10 Steps to Dispose of a Broken Light Bulb

We wrote about the safe disposal of CFLs before. Here are the 10 steps to dealing with a broken light bulb, according to the UK government (see image).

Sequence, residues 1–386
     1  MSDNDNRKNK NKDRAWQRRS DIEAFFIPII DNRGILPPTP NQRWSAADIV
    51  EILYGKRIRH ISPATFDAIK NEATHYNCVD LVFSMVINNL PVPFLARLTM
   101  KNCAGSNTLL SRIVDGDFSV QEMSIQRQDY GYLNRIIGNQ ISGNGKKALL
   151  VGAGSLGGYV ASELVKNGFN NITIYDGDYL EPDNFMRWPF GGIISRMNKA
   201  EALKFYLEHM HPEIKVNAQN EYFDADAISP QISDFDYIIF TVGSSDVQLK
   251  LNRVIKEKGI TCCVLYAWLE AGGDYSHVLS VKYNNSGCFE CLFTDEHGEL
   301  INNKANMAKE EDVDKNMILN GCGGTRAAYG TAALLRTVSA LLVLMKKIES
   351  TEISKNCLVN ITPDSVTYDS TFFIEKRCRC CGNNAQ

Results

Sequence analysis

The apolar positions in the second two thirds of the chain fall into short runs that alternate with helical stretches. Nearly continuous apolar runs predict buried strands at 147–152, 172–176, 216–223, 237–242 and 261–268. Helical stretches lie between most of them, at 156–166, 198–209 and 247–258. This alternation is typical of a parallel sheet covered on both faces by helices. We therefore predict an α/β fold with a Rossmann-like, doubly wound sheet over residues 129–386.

In addition, if you break a low energy light bulb you should evacuate the room for at least fifteen minutes. It is not recommended to use a vacuum cleaner to get rid of broken pieces and you should not inhale any dust. The British authorities want to replace all incandescent light bulbs by 2011 in order to fight climate change but professor John Hawk, spokesman of the British Dermatology Foundation, warns that low energy light bulbs can cause severe problems for people with skin sensitive to light, who already can’t spend a lot of time in places illuminated with fluorescent lighting such as hospitals or factories. Now, the 10 steps might seem a little bit over the top but the fact that CFLs contain mercury is not to be taken lightly. However, there has been quite a big debate online and in the papers whether some of the commission’s £144 million budget was spent wisely on the 10 Step Campaign of dealing with a broken environmentally friendly light bulb. Especially since Nick Harvey, the Commission spokesman, said nothing of mercury but rather said the problem to be the broken pieces of glass of the bulbs on which people can cut their fingers… More about it in the Daily Mail. A solution to both climate change and health issues related to the mercury in low energy light bulbs could be the newly developed EcoLEDs, mercury-free LED bulbs. Read TreeHugger’s answers to: Is Mercury from a Broken CFL Dangerous? Thanks Marta for the tip. Via: Gizmodo and Construnario (link in Spanish).

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